A Sermon for 1 January 2017
A reading from the gospel of Matthew 2:13-23. Listen for God’s word to us.
“Now after they (the wise men) had left, an angel of the Lord appeared to Joseph in a dream and said, “Get up, take the child and his mother, and flee to Egypt, and remain there until I tell you; for Herod is about to search for the child, to destroy him.” 14Then Joseph got up, took the child and his mother by night, and went to Egypt, 15and remained there until the death of Herod. This was to fulfill what had been spoken by the Lord through the prophet, “Out of Egypt I have called my son.” 16When Herod saw that he had been tricked by the wise men, he was infuriated, and he sent and killed all the children in and around Bethlehem who were two years old or under, according to the time that he had learned from the wise men. 17Then was fulfilled what had been spoken through the prophet Jeremiah: 18“A voice was heard in Ramah, wailing and loud lamentation, Rachel weeping for her children; she refused to be consoled, because they are no more.” 19When Herod died, an angel of the Lord suddenly appeared in a dream to Joseph in Egypt and said, 20“Get up, take the child and his mother, and go to the land of Israel, for those who were seeking the child’s life are dead.” 21Then Joseph got up, took the child and his mother, and went to the land of Israel. 22But when he heard that Archelaus was ruling over Judea in place of his father Herod, he was afraid to go there. And after being warned in a dream, he went away to the district of Galilee. 23There he made his home in a town called Nazareth, so that what had been spoken through the prophets might be fulfilled, “He will be called a Nazorean.””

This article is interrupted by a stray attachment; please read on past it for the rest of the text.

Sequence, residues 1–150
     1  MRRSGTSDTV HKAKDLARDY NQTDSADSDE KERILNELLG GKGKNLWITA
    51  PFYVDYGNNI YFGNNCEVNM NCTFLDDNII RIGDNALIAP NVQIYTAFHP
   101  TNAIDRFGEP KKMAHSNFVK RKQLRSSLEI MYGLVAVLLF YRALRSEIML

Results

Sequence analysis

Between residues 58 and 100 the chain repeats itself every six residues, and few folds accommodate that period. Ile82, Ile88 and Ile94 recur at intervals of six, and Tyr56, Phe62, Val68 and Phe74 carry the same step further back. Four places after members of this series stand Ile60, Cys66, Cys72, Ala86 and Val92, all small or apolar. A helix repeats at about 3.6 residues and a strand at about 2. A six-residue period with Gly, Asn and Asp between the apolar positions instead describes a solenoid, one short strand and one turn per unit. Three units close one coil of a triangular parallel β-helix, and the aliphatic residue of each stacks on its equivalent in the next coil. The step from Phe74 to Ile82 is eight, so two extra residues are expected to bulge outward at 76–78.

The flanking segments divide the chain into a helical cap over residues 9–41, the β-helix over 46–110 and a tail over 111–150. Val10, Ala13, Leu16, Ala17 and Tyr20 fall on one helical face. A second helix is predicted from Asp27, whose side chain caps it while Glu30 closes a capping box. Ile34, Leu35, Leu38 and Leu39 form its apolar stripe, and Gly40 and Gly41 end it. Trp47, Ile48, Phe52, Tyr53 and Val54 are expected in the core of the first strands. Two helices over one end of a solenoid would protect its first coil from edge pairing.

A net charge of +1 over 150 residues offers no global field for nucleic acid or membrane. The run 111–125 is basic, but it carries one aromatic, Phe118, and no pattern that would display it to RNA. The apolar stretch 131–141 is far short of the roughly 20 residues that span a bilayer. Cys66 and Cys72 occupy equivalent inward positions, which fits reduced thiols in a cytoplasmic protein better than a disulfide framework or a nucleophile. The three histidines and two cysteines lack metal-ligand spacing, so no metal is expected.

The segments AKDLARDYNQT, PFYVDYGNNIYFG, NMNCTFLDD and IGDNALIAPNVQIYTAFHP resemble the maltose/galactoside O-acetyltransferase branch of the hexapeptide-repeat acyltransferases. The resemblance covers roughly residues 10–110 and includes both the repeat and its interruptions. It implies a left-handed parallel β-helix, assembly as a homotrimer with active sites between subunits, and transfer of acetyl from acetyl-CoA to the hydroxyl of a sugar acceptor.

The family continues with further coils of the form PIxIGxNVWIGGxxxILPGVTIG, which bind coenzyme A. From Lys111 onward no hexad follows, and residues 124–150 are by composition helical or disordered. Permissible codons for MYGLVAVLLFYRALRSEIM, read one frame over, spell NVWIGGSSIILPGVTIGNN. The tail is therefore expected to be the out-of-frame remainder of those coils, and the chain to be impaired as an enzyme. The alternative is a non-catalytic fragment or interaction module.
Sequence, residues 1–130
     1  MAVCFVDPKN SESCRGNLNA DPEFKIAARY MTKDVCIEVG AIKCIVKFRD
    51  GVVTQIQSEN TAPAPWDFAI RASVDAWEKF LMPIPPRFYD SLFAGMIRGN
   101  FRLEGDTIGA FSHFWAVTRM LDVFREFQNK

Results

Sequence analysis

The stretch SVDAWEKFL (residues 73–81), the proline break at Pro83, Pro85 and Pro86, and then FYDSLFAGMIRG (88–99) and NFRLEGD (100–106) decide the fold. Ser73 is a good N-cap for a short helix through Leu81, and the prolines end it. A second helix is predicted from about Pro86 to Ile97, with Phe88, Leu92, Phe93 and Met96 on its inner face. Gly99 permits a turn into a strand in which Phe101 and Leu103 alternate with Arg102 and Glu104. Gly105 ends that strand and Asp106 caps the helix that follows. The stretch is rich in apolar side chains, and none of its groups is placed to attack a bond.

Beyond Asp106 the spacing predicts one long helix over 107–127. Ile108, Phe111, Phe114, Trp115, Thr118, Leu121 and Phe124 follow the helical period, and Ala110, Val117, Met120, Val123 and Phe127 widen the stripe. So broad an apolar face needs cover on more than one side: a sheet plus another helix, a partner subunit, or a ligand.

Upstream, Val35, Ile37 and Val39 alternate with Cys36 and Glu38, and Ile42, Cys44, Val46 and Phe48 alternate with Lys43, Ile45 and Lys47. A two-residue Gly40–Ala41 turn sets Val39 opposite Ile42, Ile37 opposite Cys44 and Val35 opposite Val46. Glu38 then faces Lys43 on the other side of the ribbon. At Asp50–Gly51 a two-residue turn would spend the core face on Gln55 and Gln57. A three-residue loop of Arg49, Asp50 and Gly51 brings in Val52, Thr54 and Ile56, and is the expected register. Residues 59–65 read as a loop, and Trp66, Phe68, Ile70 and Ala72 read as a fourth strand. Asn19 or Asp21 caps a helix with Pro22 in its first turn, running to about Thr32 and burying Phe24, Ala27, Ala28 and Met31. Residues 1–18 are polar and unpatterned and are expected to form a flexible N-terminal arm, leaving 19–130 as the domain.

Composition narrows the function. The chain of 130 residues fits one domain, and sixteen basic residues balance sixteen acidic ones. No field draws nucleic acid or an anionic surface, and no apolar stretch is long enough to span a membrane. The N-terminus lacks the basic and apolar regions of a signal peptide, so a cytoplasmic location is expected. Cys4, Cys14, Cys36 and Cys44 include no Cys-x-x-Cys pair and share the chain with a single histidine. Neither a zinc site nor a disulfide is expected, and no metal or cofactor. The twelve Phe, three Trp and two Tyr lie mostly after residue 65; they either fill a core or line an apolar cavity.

This is the word of God for the people of God. Thanks be to God!